Do you lie to your kids about vegetables? Is this really a necessary part of your lives? Have you considered the answer to these important questions:
When is a lie good? When is lying bad? What exactly is a white lie? How does this all tie into food and what we feed our kids?
I am all for adding vegetables in wherever we can. I am all for getting creative in preparing food so that everyone is getting as many vegetables as they possibly can.
What I am not a fan of is lying to the kids and telling them that there are no vegetables in a dish that does include vegetables.
Nor am I a fan of NEVER showing the kids what the vegetables look like when they are prepared beautifully, or what they taste like when they are prepared wonderfully.
There has to be a middle ground.
For our meat eaters, I love, love, love the idea of rolling chicken legs in pureed butternut squash before coating it in bread crumbs for an oven fried treat with a considerable boost to its nutritional content. I would love this even more if the meal also included some delicious roasted butternut squash or raw curried squash soup or garlicky sauteed squash. Round out this meal with some greens, and it is wonderful.
I am sure that you understand where I am going with this idea.
I want the kids to get their vegetables and I totally understand that some are super picky and it may need to be hidden in their food. But, let’s also let the vegetables out of the proverbial closet and allow them to sit front and center on our tables. One thing is for certain, if the kids are not ever exposed to vegetables in their natural form then they will never learn to love and appreciate nature’s bounty.
Many different authorities (USDA, Center for Disease Control, American Academy of Pediatrics, your allopathic doctor, kids sports coaches, etc) will all have opinions on how many servings of vegetables per day is appropriate.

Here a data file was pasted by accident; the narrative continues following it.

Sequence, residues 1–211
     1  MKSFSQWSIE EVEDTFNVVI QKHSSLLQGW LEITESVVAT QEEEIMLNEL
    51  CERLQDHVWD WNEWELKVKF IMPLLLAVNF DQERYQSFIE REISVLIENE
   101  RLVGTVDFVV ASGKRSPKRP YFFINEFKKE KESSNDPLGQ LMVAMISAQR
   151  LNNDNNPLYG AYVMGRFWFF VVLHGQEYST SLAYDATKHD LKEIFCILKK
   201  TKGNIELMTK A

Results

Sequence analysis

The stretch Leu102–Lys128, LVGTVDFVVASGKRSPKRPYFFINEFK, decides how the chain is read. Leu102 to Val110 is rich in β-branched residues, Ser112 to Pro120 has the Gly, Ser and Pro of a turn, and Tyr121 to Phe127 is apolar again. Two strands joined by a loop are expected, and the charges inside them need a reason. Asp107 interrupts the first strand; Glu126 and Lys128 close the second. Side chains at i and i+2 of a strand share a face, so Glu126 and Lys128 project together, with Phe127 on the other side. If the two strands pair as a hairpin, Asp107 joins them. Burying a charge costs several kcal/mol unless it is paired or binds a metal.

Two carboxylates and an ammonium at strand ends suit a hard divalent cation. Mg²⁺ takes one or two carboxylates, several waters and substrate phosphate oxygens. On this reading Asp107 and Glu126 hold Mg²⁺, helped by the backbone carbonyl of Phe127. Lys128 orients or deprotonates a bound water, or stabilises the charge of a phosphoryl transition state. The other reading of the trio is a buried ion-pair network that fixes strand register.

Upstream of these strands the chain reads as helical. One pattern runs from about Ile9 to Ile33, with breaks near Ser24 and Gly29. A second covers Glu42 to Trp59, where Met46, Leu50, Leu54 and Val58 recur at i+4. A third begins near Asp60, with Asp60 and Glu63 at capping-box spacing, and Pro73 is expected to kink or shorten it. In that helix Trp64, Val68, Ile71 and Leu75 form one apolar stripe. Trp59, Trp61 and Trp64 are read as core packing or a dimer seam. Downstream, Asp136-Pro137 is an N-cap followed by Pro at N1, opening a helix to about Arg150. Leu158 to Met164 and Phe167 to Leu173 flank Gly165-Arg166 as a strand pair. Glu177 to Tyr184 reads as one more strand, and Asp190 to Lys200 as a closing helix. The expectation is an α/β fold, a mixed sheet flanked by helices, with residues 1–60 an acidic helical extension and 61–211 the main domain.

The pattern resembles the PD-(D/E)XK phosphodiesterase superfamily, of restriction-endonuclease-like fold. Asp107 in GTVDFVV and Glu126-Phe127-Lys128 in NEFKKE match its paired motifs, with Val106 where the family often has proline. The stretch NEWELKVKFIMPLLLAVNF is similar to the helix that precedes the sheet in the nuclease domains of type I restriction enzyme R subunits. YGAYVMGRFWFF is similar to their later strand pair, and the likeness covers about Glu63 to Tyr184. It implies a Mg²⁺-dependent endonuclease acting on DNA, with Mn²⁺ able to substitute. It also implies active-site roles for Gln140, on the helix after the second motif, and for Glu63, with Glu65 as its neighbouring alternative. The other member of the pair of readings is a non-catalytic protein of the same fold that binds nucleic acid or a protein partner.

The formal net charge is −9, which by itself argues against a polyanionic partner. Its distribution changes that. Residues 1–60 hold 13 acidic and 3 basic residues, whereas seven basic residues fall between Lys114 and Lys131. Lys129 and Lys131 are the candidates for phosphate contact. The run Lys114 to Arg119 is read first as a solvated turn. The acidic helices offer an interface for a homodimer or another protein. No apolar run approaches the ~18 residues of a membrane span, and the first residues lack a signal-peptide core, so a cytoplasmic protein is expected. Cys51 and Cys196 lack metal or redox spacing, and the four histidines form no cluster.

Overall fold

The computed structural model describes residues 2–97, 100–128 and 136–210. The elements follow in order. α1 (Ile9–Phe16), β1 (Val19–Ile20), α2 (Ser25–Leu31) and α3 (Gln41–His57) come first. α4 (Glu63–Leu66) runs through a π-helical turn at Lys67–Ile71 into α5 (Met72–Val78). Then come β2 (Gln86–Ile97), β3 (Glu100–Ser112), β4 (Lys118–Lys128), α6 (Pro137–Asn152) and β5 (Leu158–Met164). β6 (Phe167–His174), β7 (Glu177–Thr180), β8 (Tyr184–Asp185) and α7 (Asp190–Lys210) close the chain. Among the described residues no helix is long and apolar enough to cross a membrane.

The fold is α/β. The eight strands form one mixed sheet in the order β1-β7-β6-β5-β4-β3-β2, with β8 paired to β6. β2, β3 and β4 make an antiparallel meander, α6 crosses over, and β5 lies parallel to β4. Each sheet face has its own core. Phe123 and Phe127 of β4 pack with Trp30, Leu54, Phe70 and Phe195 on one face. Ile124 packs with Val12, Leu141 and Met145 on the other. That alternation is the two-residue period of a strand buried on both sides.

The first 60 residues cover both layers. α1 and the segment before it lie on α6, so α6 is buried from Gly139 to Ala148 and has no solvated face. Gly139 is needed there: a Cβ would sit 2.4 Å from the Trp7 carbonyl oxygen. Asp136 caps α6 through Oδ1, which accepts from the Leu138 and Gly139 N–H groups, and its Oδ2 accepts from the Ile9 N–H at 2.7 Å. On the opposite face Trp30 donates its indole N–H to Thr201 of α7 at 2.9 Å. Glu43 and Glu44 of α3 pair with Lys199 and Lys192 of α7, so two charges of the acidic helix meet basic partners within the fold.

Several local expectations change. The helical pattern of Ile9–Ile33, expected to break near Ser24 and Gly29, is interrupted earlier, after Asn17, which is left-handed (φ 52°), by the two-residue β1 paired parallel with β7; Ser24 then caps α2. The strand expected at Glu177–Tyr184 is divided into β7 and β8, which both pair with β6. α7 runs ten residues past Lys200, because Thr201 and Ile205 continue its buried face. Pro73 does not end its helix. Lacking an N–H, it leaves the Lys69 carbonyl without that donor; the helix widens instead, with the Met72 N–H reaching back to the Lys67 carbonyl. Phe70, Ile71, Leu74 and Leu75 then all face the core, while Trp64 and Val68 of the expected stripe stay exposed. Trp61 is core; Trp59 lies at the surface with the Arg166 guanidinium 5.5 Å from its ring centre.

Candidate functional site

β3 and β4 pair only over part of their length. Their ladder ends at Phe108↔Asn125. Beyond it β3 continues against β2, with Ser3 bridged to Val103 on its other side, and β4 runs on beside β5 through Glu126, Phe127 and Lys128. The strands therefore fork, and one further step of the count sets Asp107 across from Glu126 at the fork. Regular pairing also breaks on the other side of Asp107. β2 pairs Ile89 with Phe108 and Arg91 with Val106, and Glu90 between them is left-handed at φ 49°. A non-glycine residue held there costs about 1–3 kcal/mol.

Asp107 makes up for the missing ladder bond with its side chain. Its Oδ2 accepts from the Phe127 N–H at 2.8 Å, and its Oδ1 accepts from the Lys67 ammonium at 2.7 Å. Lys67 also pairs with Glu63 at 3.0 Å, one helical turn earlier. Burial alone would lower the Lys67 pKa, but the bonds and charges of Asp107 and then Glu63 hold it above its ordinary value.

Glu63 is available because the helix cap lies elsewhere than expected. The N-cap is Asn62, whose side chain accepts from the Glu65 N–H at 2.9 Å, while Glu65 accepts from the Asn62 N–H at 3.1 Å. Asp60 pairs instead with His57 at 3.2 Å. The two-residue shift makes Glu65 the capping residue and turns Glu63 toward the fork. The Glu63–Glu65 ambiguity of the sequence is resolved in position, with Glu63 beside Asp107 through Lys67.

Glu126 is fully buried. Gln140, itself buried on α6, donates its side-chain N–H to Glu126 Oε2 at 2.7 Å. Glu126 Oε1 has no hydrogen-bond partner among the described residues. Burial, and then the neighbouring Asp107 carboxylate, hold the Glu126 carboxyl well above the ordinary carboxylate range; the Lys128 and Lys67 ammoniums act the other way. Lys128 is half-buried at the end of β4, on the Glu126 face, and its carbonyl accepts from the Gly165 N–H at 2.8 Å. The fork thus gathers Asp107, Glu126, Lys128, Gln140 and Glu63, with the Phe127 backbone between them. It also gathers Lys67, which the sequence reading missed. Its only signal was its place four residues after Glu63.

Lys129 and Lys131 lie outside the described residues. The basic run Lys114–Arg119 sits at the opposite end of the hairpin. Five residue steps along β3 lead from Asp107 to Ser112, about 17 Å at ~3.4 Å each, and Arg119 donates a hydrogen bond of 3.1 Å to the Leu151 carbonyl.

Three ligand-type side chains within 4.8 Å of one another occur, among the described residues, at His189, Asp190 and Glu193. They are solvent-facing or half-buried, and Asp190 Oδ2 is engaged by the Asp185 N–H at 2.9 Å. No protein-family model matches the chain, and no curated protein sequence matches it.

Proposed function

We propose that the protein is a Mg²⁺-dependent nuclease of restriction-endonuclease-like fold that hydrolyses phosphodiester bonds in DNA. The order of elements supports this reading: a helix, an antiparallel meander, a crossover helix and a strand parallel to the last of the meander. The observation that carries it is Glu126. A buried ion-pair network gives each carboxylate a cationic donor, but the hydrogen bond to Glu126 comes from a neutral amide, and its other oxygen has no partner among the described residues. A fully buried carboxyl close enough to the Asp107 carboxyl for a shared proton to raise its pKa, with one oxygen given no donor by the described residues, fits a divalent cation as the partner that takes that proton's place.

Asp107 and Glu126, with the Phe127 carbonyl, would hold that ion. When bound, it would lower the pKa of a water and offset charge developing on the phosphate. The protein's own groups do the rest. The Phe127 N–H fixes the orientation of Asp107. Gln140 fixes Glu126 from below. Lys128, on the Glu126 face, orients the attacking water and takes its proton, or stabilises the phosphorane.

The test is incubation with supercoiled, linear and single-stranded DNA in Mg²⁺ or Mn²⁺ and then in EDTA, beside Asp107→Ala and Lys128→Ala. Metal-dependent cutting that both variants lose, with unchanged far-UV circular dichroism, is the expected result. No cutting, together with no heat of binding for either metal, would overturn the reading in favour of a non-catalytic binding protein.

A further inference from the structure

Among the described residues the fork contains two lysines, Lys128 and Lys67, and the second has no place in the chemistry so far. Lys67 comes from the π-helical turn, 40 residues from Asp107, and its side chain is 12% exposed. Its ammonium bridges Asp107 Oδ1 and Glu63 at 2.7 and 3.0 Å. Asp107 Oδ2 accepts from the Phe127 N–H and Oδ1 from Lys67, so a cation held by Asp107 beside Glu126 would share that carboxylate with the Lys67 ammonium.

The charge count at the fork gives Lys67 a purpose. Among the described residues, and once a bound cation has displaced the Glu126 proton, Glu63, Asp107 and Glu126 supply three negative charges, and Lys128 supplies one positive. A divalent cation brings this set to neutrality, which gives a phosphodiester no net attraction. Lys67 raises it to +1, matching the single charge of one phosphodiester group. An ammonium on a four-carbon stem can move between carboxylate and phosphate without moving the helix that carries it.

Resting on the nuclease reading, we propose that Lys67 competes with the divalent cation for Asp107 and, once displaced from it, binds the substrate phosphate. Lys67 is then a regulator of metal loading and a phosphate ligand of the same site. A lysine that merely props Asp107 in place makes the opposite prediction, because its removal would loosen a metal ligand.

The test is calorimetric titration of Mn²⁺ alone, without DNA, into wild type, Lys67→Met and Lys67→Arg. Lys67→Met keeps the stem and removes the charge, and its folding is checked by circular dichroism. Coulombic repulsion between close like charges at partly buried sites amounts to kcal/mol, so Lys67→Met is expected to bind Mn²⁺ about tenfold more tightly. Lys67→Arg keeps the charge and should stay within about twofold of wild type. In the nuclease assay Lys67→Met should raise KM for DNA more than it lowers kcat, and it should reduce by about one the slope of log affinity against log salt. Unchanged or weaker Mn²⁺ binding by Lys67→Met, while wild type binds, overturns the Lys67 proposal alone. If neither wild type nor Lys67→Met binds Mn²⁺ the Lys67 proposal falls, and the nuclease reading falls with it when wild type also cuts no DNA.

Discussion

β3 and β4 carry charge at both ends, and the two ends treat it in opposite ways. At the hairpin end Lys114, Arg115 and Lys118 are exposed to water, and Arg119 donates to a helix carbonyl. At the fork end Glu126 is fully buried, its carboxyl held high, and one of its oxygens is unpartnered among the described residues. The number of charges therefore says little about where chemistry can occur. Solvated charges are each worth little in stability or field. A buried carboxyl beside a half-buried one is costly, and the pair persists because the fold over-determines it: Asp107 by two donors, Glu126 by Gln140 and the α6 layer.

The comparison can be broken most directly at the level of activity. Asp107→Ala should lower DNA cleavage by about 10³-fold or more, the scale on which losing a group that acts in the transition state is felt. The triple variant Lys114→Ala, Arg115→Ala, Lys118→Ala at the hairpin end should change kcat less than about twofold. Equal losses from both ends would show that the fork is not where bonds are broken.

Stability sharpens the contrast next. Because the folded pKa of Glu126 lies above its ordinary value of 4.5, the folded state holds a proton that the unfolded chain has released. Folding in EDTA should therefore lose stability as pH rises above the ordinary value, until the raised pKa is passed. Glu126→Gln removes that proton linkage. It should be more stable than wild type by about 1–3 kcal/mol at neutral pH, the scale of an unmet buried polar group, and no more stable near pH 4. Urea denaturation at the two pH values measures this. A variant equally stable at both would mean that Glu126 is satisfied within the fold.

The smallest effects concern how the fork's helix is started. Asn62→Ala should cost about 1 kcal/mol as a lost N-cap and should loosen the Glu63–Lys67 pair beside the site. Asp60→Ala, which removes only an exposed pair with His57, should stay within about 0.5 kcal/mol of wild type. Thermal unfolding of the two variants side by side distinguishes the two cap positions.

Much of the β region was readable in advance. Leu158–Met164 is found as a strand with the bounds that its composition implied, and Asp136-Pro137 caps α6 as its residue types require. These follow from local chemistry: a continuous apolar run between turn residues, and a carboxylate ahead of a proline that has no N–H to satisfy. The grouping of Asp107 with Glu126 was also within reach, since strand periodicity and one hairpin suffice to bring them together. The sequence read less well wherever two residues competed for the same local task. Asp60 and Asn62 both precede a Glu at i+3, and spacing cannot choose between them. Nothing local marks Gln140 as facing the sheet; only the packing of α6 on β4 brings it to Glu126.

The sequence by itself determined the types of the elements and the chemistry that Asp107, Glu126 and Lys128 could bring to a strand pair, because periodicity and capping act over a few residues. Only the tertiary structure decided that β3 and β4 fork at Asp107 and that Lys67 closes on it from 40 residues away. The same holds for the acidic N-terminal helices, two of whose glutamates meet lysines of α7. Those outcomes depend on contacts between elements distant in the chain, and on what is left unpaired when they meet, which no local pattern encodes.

I am here to tell you that unless there is a medical reason, neither the kids nor the adults, can have too many vegetable servings.
However, starting with a very modest 3-5 servings per day would be awesome. Examples of these are 10 baby carrots, 1/2 cup cooked kale, or 1 cup raw spinach. By the way, a bit of spinach swirled into a fruit smoothie is absolutely delicious and does not change the taste of the smoothie. But be forewarned, it can make for a smoothie color that is less than pleasing to a picky eater’s sense of sight. When I first offered these to my children and their friends, it was always in a non see through cup so that they did not reject it based purely on color.
This brings us back to the lie, white or otherwise. My children are older and they are well aware of the fact that their food is full of vegetables. However, when they were young they were not as aware. I did not necessarily point out every vegetable that was in a dish. Similarly, I did not give the family a list of the spices that I had used to prepare their food.
If they asked, I told.
If they did not ask, I did not tell. It was, and is, a simple part of our lives.
New foods must be offered many times before a picky, or stubborn eater, will taste it. Some people feel that the best thing to do is to make a child try all new foods. The general rule is that they should try the food three times before rejecting them. Others feel that the clean plate rule is the only way to go. Still others believe that the best practice is to lead by example. Express your enjoyment in the taste and texture, of your food.
I recommend the third option.
In my opinion, a child who is forced may reject it regardless of the food. It may simply be due to their desire for control.